Alan L. Krieger was sworn in as Yuma's mayor Wednesday (1-6-10) with the help of his wife, Mary. Krieger formerly served a term as a city council member.
Yuma City Councilman Paul B. Johnson was sworn into office with the help of his granddaughter Danae. This will be Johnson's third term as a city council member.
Jerry Stuart was sworn in, with the help of his wife Lenore, Wednesday (1-6-10) as a member of the Yuma City Council by Judge Andrew Gould.
Bobbi Brooks-Gurrola was sworn in as the newest Yuma City Council member Wednesday (1-6-10) by Judge Andrew Gould. This will be Brooks-Gurrola's first term in office.
|Swear-in: Judge Stanley|
Judge Douglas S. Stanley was sworn in Wednesday (1-6-10) as presiding municipal court judge for the City of Yuma.
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Yuma City Council Inauguration 2010
It may not have been black tie, but Wednesday's inauguration of Mayor Alan Krieger and new council members had its own pomp and circumstance.
Krieger arrived at Yuma City Hall behind the wheel of a 1931 Ford Roadster, loaned to him by friends from Colorado.
With his wife, Mary, at his side, Krieger then greeted well wishers as he entered City Hall to take his oath of office in front of an overflow audience.
As Krieger took office, there was a sense of change that will be coming to City Hall and Yuma's municipal government.
"This is a new threshold for the city ... a time of change," said Capt. Jonathan Harvey of The Salvation Army in his invocation.
"This is an awesome moment for me," Krieger said after taking the oath of office. "I thank God for his providential care to bring me to this point."
He also expressed thanks for the support of his family, his campaign team and the community - and for the encouraging words he's heard.
"That warms my heart," he said. "Don't stop that."
Krieger, owner of a metal building contracting company, has said that he's been helping build Yuma since 1983 in the construction industry.
As a former council member who served one term from 2004 through 2007, he noted Wednesday evening that he had contributed to the community through the perspective of an elected official.
Now as mayor, he welcomes the opportunity to continue to build his adopted community in yet another capacity.
He prefers to see the challenges facing the city in the midst of the economic downturn as opportunities to redefine city government.
"We have the opportunity to revisit the structure and services and existence of municipal government," he said, "get back to the core and make sure we're doing it right."
As the loss of revenue is forcing change for city government, it also presents an opportunity for city residents to again take responsibility for themselves and their community, he said.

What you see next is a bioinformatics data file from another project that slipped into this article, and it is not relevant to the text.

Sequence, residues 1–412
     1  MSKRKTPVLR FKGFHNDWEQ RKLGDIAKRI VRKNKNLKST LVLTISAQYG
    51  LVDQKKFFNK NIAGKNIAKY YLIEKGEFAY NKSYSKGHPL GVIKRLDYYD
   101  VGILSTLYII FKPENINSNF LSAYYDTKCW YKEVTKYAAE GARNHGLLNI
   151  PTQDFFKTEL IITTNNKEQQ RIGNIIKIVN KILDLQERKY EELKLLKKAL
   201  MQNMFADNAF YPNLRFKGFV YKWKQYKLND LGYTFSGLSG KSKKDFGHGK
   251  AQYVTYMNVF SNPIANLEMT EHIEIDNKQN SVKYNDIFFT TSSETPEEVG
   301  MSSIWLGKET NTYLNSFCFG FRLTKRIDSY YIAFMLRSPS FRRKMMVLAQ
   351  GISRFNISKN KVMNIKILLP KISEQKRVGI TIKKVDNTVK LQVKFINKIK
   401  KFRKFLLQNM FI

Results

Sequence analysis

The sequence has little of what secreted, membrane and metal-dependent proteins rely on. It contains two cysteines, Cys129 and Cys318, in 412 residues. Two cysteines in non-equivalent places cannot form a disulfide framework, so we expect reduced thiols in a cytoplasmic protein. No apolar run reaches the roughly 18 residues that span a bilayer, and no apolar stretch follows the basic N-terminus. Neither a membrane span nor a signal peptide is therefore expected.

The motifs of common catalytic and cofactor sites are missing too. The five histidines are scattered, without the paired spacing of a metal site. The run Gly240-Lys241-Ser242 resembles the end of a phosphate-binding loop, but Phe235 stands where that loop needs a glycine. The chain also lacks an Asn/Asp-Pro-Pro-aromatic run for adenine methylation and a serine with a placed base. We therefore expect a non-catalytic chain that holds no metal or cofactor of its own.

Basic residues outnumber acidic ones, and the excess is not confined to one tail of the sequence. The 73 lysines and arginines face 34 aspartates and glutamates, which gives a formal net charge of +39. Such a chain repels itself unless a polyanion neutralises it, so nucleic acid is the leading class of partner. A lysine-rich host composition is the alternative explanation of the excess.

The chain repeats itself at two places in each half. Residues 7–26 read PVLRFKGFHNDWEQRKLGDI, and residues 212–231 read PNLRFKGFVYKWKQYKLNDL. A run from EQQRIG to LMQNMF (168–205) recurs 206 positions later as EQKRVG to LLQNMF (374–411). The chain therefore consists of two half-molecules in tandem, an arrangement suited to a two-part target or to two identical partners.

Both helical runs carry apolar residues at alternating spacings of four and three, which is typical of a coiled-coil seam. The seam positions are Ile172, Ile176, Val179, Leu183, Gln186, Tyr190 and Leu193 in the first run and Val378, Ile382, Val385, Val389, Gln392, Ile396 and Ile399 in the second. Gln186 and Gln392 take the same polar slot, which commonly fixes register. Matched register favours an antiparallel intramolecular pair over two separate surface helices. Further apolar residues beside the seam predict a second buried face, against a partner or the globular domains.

With that, he pledged to take the city in the "direction you want it to go," he told the audience. "Now it's time to get to work."
Along with Krieger, the oath of office also was administered by Superior Court Presiding Judge Andrew Gould to councilmembers Bobbi Brooks-Gurrola, Jerry Stuart and Paul Johnson as well as Presiding Municipal Court Judge Douglas Stanley.
Johnson, who was elected to his third term on the council, said it was good to see so many people attend the inauguration ceremony and demonstrate their care for the community.
"Thank you and I pledge to do my level best to get us through this tough time and make Yuma an even better place to live and raise kids," he said.
In his remarks, Stuart, who sought a return to the council after having previously served from 1992 through 1995, quoted Charles Dickens in "Tale of Two Cities:" "It was the best of times; it was the worst of times."
That, Stuart said, "sums up our situation here today. This mayor and council face unprecedented challenges in the coming years. ... This is going to be the point where the idealism of the candidates meets the reality of the job of the elected officials."
And that reality includes working together as a team, he said, teamwork that must extend beyond the boundaries of the city to include the county, the state and federal officials to get through the difficult years ahead.
Citizens need to be part of that team as well, Stuart said, urging residents to report vandalism, graffiti and crime.
Brooks-Gurrola acknowledged that she is the newcomer to the council. However, she is following in the footsteps of her father, a former councilmember.
"I know I have a lot to learn," she said. "I'm not afraid to ask why and how."
As a businesswoman - Brooks-Gurrola is the manager of Southgate Mall - she said she's also aware of the need to curb spending.
She also believes it's "up to us" to turn the economy around.
Stanley said its been a blessing to serve the community and pledged to continue to "uphold the office." He also expressed appreciation to the court staff for their level of commitment even in the face of cutbacks.
Joyce Lobeck can be reached at firstname.lastname@example.org or 539-6853.